In the presidential debate about domestic issues, Romney hit Obama on giving $90 million in tax breaks to wind and solar power projects. Many of them failed, the Republican said, telling Obama, "You pick losers." "This is not the kind of policy you want to have if you want to get America energy-secure," Romney added.
“At the North Dakota U.S. Attorney’s Office, we are committed to enforcing laws that protect North Dakota’s outdoors and to providing companies who follow the law with a level economic playing field.” The statutory maximum sentence for violation of the Migratory Bird Treaty Act is six months in federal prison and a $15,000 fine.
House Bill 1460 seeks what's known in the industry as unitization, a process where profits from a wind turbine are shared with the owners of surrounding property whose own wind rights are being affected by the development. While wind may not be finite like other resources, its capture can be affected by its own development. Wind turbines reduce the wind that passes through them, requiring that turbines be placed a certain distance apart.
Stenehjem argues that Minnesota's restrictive laws on carbon emissions violate the U.S. Constitution's commerce clause, which bars states from interfering in other states' commerce. Minnesota is free to impose whatever restrictions it wishes on its own power plants but runs afoul of the commerce clause when extending those restrictions on other states, Stenehjem said.
Payments for landowners who live near wind projects could prevent a backlash from rural North Dakota residents who believe they've been treated unfairly, the Democratic candidate for the state Public Service Commission said Monday. The PSC and the North Dakota Legislature have not been attentive to the rights of such landowners.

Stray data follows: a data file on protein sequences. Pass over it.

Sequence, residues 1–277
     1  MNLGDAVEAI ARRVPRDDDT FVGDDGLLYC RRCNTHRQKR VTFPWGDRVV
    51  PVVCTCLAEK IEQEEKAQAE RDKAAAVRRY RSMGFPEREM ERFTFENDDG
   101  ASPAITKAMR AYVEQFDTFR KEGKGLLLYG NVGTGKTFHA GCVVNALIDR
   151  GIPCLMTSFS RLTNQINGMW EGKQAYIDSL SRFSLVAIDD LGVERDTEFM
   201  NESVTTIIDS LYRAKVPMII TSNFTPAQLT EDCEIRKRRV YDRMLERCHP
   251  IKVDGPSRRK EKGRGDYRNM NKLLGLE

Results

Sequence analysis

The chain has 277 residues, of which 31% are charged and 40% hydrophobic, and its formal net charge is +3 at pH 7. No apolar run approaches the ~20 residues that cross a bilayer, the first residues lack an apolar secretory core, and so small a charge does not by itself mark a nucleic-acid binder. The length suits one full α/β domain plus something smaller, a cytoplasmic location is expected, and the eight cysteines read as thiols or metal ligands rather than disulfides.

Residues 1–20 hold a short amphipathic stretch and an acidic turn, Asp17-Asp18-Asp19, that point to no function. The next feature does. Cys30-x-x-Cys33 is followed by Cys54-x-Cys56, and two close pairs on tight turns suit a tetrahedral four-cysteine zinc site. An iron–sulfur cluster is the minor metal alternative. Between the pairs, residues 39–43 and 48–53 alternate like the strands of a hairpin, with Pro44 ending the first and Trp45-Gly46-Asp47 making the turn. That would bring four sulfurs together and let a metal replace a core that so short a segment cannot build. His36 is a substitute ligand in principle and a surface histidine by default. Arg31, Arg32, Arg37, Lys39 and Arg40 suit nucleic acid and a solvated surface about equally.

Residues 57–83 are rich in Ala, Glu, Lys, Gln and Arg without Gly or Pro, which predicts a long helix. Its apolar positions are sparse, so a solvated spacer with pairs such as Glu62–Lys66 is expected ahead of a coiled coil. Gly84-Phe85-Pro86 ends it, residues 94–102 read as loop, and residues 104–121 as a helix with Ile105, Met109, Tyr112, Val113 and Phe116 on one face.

The wind might blow forever in North Dakota, but there’s no guarantee it can be turned into an environmental and economic resource in northern Grand Forks County. That’s because the giant wind turbines could interfere with radar used to track both manned and unmanned aircraft at Grand Forks International Airport.
Towering 350 feet above the prairie, wind turbines have taken root as a prominent part of the North Dakota landscape. But as they proliferate, issues of how they are sited, how they are funded and how they fit into the state's energy sources have been growing with their electricity generation. ...Detractors claim they are a passing fad dependent on tax subsidies that add stress to the existing energy infrastructure and clutter up the horizon. "This is going to permanently change the landscape," said Burleigh County Commissioner Mark Armstrong.
The Burleigh County Commission on Monday set a public hearing about a draft wind tower policy for townships using county zoning for 5:30 p.m. on April 5 at the City/County Building in Bismarck. The need for the wind energy policy became more immediate after Nextera Energy proposed to build a 66-tower wind farm across Ecklund and Crofte townships that is projected to generate 99 mega-watts of energy.
The idea for expanding corporate farming from wheat to wind should be discarded. The time for railing against the monied interests in Minneapolis, Chicago, New York and, now, Florida, for taking advantage of North Dakota, has passed. (Although, there might be other good reasons to rail at them.) It might make good news copy, but it doesn't make good common or business sense. Burleigh County residents should do what they must to regulate wind farms.